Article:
The decision of RBI to anchor its rate policy to CPI is India’s “Volker moment”. On one hand, it starts an era of concerted fiscal and monetary regime that targets lower inflation and hence lower interest rate; while on the other hand it brings money from non-productive assets into financial assets. Our view has been that CPI could remain structurally low going forward on account of lower wage inflation, lower global commodity prices, and moderate food inflation. Our view is reinforced looking at the presence of excess capacity across sectors, increasing adoption of technology and e-commerce platforms, improvements in logistics and “ease of doing business”. Government policy measures have focussed on augmenting supply side responses, which should kick in gradually over time. Productivity driven growth and structurally lower inflation will make Indian macro look very different from its historical background. This will also have significant impact on flows of savings and investments.
While analyzing corporate earnings, one needs to take in cognizance that almost 25-30% of the broad market earnings are global in nature and have got impacted by the external environment. The nominal GDP growth is in single digit due to fall in GDP deflator (inflation) which is also one of the reasons for subdued topline growth for the corporate sector. The period gone by, has shaped an environment for factor cost efficiency in terms of lower wages, lower rentals, lower input costs and lower borrowing costs. As economic recovery picks up, we feel the earnings cycle should follow as corporates start benefiting both in terms of volumes and margins.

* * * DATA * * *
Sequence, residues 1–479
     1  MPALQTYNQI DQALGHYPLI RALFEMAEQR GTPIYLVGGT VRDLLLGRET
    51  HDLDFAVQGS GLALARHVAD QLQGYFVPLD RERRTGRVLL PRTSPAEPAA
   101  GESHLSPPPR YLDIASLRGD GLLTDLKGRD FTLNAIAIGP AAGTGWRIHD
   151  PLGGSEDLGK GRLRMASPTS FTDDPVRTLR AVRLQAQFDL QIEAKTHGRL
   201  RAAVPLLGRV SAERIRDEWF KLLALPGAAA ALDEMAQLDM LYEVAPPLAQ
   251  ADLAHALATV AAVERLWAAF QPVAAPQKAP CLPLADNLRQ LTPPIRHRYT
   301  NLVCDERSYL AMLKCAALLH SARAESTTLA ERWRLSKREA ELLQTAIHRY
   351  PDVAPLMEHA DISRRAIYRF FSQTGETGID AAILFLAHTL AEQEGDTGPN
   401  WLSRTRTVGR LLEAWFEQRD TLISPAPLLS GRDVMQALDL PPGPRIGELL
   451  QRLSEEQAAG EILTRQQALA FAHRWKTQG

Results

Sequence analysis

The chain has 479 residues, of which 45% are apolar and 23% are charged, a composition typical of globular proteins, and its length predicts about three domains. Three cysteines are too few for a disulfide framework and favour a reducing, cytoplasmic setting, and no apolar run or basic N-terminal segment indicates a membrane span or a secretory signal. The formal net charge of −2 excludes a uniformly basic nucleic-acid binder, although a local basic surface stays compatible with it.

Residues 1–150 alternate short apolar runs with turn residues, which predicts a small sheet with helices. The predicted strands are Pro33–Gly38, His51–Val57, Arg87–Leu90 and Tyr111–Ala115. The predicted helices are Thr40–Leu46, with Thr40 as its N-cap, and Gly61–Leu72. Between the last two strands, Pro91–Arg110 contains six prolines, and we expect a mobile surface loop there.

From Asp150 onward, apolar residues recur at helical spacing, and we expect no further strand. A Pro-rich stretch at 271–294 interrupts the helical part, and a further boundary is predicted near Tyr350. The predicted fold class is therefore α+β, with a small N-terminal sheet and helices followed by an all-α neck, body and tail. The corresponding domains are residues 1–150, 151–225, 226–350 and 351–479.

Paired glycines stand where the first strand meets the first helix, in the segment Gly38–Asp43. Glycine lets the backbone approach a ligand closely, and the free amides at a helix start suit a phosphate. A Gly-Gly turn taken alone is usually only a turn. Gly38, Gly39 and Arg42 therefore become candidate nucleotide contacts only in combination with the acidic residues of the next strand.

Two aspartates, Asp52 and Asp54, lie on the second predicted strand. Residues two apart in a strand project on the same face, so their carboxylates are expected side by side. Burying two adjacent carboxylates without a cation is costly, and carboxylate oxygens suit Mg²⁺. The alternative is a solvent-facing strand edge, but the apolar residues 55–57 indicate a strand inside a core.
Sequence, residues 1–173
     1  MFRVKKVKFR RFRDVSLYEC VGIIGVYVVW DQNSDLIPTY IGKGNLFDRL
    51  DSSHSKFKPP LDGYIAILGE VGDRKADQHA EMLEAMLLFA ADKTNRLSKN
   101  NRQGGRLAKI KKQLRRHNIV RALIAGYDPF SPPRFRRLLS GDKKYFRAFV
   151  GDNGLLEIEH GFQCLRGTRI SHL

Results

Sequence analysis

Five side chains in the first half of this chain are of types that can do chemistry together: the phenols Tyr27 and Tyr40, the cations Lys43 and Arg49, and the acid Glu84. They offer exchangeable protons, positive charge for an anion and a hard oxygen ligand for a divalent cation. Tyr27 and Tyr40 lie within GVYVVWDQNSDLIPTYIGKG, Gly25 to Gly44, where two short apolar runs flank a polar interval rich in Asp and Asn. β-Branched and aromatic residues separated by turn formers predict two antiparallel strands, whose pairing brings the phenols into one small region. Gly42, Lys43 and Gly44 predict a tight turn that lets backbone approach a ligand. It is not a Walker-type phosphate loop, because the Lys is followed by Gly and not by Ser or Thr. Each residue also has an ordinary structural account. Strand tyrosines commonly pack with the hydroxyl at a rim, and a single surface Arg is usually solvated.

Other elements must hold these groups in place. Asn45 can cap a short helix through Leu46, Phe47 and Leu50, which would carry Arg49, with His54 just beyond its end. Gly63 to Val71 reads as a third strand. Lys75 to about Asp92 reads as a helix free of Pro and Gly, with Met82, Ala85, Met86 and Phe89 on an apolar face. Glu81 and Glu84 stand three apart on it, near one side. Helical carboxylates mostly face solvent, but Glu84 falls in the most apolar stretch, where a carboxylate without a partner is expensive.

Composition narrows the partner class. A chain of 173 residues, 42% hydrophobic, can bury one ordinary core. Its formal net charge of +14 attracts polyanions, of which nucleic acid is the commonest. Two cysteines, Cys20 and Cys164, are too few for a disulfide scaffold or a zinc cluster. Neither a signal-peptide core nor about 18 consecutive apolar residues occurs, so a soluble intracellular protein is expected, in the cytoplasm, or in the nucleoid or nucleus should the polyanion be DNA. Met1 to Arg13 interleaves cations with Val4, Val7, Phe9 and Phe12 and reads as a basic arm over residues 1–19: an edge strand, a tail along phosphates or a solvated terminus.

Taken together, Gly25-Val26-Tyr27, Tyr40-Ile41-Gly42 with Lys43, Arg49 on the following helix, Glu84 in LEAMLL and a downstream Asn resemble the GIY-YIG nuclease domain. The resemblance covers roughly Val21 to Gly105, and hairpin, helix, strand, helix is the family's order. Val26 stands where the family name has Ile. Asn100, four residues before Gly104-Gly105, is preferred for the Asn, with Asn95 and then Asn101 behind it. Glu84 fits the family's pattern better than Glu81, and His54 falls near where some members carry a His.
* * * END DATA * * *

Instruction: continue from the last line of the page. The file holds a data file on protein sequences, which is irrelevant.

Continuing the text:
We feel India is emerging from a short-term cyclical bottom to a structural long-term growth story. Fortuitously, the world is uncertain, and struggling for growth when India is getting its act right. In volatile markets, liquidity is a dominant driver. While one expects any further emerging market redemptions to impact India, we feel India would hold an edge of outperformance on the back of sustained domestic flows, higher FDI Flows, better economic positioning and relative ROE premium over its peers in spite of being in trough cycle.
The period of uncertainty provides its own challenges as well as opportunities. There exist strong forces on globalization, digitization and governance which are setting an entirely new landscape for the “Next India”. The challenge is to remain alert to these disruptive forces both in long term and short term. They would disrupt numerous existing businesses and give birth to new set of winners. For example, a low inflation and high real rates environment may be very challenging for several companies with excessive leverage. We have reinforced our processes for further stringency both on bottom up stock picking as well as credit selection in this environment.
In short term, the markets would navigate on global capital and news flows, progression on monsoon and political developments. The resultant volatility and indiscriminate selling offer opportunities to buy good businesses at attractive valuations. We remain alert to tactically grab these opportunities in equities when the price game in the market fits our value equation. Our portfolio construct in fixed income remains biased towards a higher duration given that medium term prospects for bond yields remains very positive.
Looking at the global environment, only certainty is the continued uncertainty and we have to learn to live with heightened volatility in the near term. However, we feel investors should use this period of volatility induced by global events to gradually increase their exposure and remain logged in to a structural opportunity in Indian equities and long- term bonds.
(September 4, 2015, Mutual funds’ investments are subject to market risks, read all scheme related documents carefully.)